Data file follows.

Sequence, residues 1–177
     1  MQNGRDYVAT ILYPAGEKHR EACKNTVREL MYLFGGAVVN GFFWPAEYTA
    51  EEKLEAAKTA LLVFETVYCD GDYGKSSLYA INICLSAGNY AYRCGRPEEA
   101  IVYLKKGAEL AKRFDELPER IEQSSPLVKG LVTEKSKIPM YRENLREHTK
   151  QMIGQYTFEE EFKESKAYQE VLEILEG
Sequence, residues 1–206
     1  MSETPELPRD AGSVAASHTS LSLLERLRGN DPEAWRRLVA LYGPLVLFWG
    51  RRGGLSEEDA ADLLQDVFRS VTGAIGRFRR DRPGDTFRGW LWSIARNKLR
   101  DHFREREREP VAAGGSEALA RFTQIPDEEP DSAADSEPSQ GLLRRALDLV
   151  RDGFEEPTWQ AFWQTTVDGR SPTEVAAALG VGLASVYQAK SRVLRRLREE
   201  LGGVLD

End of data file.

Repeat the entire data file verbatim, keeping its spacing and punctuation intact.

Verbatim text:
Sequence, residues 1–177
     1  MQNGRDYVAT ILYPAGEKHR EACKNTVREL MYLFGGAVVN GFFWPAEYTA
    51  EEKLEAAKTA LLVFETVYCD GDYGKSSLYA INICLSAGNY AYRCGRPEEA
   101  IVYLKKGAEL AKRFDELPER IEQSSPLVKG LVTEKSKIPM YRENLREHTK
   151  QMIGQYTFEE EFKESKAYQE VLEILEG
Sequence, residues 1–206
     1  MSETPELPRD AGSVAASHTS LSLLERLRGN DPEAWRRLVA LYGPLVLFWG
    51  RRGGLSEEDA ADLLQDVFRS VTGAIGRFRR DRPGDTFRGW LWSIARNKLR
   101  DHFREREREP VAAGGSEALA RFTQIPDEEP DSAADSEPSQ GLLRRALDLV
   151  RDGFEEPTWQ AFWQTTVDGR SPTEVAAALG VGLASVYQAK SRVLRRLREE
   201  LGGVLD